In an advantageous refinement of the interpolation filter according to the invention, there is connected downstream of the interpolation filter a highpass filter for compensating the lowpass-type amplitude response of the interpolation filter.

This offers the advantage that signal distortions are removed because of the lowpass-type attenuation curve in the filtered output signal of the interpolation filter.

The group delay of the interpolation filter advantageously runs in an essentially constant fashion in the useful signal frequency band of the digital input signal.

The digital input signal that is filtered by the interpolation filter according to the invention is preferably an equidistant digital signal with a predetermined clock pulse period T_{in}.

In this case, the group delay of the interpolation filter according to the invention can preferably be set inside the clock pulse period T_{in }of the digital input signal.

The ratio of the clock pulse periods of the digital input signal T_{in }and the digital output signal T_{aus }filtered by the interpolation filter can preferably be set.

In a particularly preferred embodiment, the interpolation filter and the downstream highpass filter together exhibit a sinc filter characteristic.

A further interpolation filter is preferably connected upstream of the interpolation filter for the purpose of constricting the useful signal frequency band.

The upstream interpolation filter is preferably a polyphase filter.

In a particularly preferred embodiment of the interpolation filter according to the invention, the interpolation filter consists of

a filter coefficient generator for generating filter coefficients as a function of a base function,

a multiplier for multiplying the digital input signal by the generated filter coefficients, and an accumulator for accumulating the digital input signal weighted by the multiplication.

The base function is preferably stored in a storage device of the interpolation filter.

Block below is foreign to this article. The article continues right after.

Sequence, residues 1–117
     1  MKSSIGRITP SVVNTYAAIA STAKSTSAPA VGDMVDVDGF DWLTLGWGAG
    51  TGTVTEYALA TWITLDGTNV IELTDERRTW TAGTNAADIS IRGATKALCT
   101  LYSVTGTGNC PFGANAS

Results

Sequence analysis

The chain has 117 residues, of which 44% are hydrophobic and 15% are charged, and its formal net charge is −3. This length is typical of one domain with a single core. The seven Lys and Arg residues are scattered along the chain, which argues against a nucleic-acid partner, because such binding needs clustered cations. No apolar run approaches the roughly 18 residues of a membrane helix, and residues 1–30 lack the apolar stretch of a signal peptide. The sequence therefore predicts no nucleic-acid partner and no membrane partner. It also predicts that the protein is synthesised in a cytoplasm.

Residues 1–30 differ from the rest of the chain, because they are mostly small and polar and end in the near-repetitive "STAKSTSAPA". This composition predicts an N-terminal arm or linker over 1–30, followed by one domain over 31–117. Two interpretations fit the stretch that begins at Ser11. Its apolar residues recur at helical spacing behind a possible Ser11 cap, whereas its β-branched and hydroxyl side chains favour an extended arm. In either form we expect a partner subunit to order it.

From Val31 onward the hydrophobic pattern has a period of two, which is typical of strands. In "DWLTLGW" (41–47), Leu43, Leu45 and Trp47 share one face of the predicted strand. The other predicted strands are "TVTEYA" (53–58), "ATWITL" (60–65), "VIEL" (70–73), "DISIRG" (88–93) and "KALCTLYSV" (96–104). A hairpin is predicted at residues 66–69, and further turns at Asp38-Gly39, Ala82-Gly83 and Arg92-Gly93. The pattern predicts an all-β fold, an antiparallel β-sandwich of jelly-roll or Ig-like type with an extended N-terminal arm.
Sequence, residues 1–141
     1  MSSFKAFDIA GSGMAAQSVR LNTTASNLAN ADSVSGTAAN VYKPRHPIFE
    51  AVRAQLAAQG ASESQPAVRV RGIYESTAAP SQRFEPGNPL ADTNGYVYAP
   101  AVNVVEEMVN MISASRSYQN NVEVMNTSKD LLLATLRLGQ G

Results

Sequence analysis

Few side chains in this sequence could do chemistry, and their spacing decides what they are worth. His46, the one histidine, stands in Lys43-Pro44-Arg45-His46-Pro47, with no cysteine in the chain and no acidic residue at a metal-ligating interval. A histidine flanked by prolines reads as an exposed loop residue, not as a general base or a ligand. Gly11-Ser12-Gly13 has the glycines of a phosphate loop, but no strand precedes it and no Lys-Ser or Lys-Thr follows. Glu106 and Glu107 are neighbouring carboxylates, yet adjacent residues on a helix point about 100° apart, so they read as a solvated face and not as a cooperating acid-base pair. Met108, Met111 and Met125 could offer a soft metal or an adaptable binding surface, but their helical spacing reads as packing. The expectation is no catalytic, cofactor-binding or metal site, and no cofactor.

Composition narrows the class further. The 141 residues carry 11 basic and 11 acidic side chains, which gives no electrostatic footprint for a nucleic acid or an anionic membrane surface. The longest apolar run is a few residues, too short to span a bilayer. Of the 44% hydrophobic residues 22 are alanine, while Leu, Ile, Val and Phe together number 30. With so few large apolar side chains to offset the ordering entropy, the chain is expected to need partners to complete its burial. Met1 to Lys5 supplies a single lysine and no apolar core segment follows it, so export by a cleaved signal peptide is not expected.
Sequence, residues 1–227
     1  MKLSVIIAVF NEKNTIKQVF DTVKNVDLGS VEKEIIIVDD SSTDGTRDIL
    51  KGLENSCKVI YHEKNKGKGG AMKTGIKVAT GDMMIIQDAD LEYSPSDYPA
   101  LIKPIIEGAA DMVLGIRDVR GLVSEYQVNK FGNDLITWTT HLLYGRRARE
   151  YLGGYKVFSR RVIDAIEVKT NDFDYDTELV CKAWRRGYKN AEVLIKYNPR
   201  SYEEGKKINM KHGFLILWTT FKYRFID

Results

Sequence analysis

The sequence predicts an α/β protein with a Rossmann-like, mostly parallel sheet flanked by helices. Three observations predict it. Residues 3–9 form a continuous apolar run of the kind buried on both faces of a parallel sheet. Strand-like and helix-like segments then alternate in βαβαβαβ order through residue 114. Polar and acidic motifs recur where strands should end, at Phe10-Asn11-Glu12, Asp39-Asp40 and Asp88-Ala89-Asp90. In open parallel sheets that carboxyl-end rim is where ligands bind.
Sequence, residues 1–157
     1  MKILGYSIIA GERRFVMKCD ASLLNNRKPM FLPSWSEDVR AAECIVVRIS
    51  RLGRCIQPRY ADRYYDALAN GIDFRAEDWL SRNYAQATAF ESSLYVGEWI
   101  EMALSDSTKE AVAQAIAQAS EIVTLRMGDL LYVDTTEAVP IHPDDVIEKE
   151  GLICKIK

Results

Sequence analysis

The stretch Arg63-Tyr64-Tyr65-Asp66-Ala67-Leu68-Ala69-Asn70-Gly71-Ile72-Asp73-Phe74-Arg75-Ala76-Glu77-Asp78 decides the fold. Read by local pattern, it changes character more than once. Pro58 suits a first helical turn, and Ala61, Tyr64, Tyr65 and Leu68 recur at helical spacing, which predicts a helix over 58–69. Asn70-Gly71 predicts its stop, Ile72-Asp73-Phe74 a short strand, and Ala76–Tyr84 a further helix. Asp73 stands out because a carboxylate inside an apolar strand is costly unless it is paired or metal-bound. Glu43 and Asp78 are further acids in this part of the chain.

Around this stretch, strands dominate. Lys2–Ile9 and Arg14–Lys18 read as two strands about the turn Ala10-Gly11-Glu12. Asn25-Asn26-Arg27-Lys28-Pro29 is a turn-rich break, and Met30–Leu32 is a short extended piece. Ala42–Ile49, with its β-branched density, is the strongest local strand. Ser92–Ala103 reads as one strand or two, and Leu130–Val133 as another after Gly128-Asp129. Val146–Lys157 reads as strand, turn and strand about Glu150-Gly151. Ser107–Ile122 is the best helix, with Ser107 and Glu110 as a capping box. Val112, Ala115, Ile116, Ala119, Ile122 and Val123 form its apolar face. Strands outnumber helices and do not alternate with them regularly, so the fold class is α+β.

As an alternative to this, in accordance with a further embodiment the interpolation filter according to the invention has a base function generator for generating the base function as a function of fundamental functions.

It is preferred for this purpose to provide a storage device for storing the fundamental functions.

In a preferred embodiment of the interpolation filter according to the invention, the latter has a controllable switching device that can be switched for reading out the weighted digital input signal as digital output signal.

In a preferred embodiment, the accumulator consists of an adder and a register whose output is fed back to an input of the adder.

The invention further creates a method for digital interpolation of a digital input signal.

The invention creates a method for digital interpolation of a digital input signal having the following steps, specifically

receiving a digital input signal with a predetermined clock frequency,

determining filter coefficients of a settable interpolation filter whose amplitude response exhibits a lowpass-type attenuation curve in the useful signal frequency band of the digital input signal,

filtering the digital input signal by means of the set interpolation filter.

In the case of the method according to the invention, the filter coefficients of the interpolation filter are preferably determined as a function of a base function.

This base function is preferably stored in advance in a memory.

As an alternative to this, in accordance with a further embodiment of the method according to the invention the base function is generated from prescribed fundamental functions.

In this case, a first fundamental function is preferably a time-limited power sine function.

The second fundamental function is preferably a first-order sample-and-hold function.

In a particularly preferred embodiment of the method according to the invention, a multiplicity of sets of filter coefficients of the interpolation filter are generated as a function of the base function which in each case exhibit in the useful signal frequency band an essentially identical amplitude response, but different group delays, there subsequently being selected for the purpose of determining the filter coefficients of the interpolation filter that set of filter coefficients whose group delay τ corresponds to the set desired group delay.

Preferred embodiments of the interpolation filter according to the invention for filtering a digital input signal, and of the method according to the invention for digital interpolation of a digital input signal are described below with reference to the attached figures for explaining features essential to the invention.

In the drawing:

*a *shows an amplitude response of the interpolation filter according to the invention;

*b *shows the group delay of an interpolation filter according to the invention;

*a *shows the amplitude response of a first exemplary interpolation filter in accordance with the invention;

*b *shows the associated group delay curve of the interpolation filter according to the invention with the amplitude response in accordance with *a; *

*a *shows the amplitude response of a further interpolation filter in accordance with the invention;

*b *shows the group delay curve of the interpolation filter with the amplitude response illustrated in *a; *